Trials under the anti-terrorism law were unfair. Suspects were denied prompt access to a lawyer, and denied adequate time to consult their lawyers and prepare their defence. Confessions allegedly obtained under torture were accepted as evidence by the courts without question or investigation. Some defendants were reported to have been tried and sentenced for the same offence more than once.
At least four Tunisian terrorism suspects were forcibly returned to Tunisia by other states despite fears that they would face torture or other ill-treatment and unfair trial.
- In April, the Italian authorities forcibly returned Mehdi Ben Mohamed Khalaifia, who had previously been sentenced in his absence to 10 years in prison on terrorism-related charges in Tunisia. On arrival, he was immediately detained incommunicado and held for 12 days, twice the legal maximum, during which he alleges that he was beaten, kicked and slapped by interrogators, suspended in contorted positions and threatened with rape. He appealed against his sentence, which in September was reduced to two years.
- Sami Ben Khemais Essid, who was retried by civil and military courts and sentenced to 12 years' imprisonment following his forcible return from Italy in 2008, was taken from prison to the Interior Ministry in January and June, interrogated and, he alleges, tortured. New charges were brought against him and he was denied access to his lawyer.
- The authorities failed to investigate the enforced disappearance of Abbes Mlouhi, who was arrested in 2005. Before his arrest he had been interrogated several times at the Interior Ministry in relation to his membership of al-Tabligh wa Daaoua, an Islamic religious group.
Torture and other ill-treatment
Torture and other ill-treatment in police stations and detention centres, including the Interior Ministry's Department of State Security, continued to be reported. Some detainees were held incommunicado beyond the limit allowed by law, with their arrest dates falsified by police to cover this up. Detainees were at particular risk of torture or other ill-treatment when they were being held incommunicado. The courts, however, routinely disregarded torture allegations made by defendants and convicted them on the basis of confessions allegedly obtained under torture. No official investigations into torture allegations were known to have been carried out after complaints were filed, and security forces continued to operate with impunity.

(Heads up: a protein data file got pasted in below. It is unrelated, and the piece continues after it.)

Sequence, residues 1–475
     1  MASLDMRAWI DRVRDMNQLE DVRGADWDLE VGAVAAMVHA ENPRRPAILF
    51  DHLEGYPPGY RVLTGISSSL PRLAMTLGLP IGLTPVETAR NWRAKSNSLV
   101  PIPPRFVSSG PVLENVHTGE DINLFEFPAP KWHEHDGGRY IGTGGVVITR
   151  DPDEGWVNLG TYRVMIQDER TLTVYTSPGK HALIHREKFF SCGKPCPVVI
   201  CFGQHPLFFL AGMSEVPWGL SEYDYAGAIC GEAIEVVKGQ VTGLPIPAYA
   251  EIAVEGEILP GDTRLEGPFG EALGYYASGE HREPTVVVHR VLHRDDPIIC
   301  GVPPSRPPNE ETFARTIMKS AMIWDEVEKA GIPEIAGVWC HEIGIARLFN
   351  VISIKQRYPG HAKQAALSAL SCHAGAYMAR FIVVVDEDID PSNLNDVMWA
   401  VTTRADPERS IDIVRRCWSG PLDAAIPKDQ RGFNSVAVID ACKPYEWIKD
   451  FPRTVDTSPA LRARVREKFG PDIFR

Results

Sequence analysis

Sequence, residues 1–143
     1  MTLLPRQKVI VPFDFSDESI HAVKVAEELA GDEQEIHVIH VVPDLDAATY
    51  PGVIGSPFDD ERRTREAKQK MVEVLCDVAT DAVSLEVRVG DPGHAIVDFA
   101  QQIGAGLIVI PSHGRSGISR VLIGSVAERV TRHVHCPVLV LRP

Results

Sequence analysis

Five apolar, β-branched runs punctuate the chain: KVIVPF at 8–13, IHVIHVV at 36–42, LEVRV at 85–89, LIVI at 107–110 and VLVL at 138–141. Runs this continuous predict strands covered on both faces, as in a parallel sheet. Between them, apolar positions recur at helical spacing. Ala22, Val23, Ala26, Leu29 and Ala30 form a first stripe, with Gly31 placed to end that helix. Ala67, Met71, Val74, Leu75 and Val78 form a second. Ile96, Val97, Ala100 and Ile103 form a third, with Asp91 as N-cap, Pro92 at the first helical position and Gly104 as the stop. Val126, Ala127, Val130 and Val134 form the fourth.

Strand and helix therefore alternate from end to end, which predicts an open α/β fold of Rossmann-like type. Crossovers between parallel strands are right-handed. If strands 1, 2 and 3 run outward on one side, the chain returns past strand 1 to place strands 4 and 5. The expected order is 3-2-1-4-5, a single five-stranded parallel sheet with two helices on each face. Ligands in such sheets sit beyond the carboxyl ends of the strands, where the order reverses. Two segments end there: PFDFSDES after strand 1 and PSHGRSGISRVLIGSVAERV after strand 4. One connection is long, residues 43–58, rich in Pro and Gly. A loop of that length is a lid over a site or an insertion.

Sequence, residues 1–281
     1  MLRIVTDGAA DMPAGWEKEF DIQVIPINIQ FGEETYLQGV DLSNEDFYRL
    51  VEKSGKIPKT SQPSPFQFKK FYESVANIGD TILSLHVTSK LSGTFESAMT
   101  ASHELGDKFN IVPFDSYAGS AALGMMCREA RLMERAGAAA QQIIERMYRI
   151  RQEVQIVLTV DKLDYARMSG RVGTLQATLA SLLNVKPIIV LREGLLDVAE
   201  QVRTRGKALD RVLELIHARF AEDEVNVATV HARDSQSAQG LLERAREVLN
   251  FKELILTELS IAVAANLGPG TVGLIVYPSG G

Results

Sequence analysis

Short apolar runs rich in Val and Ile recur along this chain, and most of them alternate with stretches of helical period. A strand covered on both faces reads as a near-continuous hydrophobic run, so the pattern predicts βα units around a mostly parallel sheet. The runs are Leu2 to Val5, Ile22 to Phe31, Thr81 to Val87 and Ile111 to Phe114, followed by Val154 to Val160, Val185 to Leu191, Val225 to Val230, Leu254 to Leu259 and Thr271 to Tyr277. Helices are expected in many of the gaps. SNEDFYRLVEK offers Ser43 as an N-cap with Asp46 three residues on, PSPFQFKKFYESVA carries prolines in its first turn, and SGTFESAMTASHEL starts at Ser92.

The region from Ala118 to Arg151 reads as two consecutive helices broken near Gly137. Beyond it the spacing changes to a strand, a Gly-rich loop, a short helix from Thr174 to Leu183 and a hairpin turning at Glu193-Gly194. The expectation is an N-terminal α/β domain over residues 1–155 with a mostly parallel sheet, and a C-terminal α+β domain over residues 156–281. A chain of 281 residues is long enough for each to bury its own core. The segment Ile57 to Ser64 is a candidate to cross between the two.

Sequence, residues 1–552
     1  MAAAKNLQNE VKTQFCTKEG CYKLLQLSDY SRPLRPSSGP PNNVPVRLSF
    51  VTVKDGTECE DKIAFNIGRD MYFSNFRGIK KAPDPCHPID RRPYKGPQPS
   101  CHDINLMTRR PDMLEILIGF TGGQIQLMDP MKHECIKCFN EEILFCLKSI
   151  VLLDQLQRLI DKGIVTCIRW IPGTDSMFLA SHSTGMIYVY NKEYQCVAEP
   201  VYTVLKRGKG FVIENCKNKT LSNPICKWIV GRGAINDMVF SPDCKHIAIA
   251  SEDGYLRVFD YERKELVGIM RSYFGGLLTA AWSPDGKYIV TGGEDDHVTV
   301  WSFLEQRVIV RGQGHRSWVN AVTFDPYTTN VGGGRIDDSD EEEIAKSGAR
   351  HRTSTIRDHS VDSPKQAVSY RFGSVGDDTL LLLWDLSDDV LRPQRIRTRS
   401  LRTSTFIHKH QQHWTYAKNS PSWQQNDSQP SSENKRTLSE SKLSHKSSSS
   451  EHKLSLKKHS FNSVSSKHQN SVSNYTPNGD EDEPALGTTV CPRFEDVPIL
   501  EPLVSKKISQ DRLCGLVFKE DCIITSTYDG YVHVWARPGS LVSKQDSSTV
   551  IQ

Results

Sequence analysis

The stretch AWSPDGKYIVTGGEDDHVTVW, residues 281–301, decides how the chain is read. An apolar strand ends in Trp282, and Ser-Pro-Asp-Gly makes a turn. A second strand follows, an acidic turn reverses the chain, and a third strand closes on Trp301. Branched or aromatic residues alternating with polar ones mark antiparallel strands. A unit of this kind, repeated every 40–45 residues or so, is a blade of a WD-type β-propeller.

- Ramzi Romdhani, serving a prison sentence totalling 29 years imposed in 2008 after he was convicted under the 2003 anti-terrorism law in nine separate cases, alleged that he had been tortured and otherwise illtreated by guards at Mornaguia Prison in April. In August, he was taken to the State Security Department where, he alleged, security officials tortured him with electric shocks, suspended him by the limbs, hanged him by the neck for a few seconds and threatened him with death. He said that in December he was again tortured for two days by State Security Department officers. He sustained serious eye injuries.
At least two people were sentenced to death, but there were no executions. The government has maintained a de facto moratorium on executions since 1991, but prisoners remain on death row, where they are not permitted contact with their families or lawyers.
Amnesty International visit/reports
Amnesty International delegates visited Tunisia in September/October and met human rights defenders, journalists and victims and their relatives.
Tunisia: Routine muzzling of dissent mars upcoming presidential elections (23 October 2009)
Tunisia: Continuing abuses in the name of security (20 August 2009)
Behind Tunisia's "economic miracle": inequality and criminalization of protest (17 June 2009)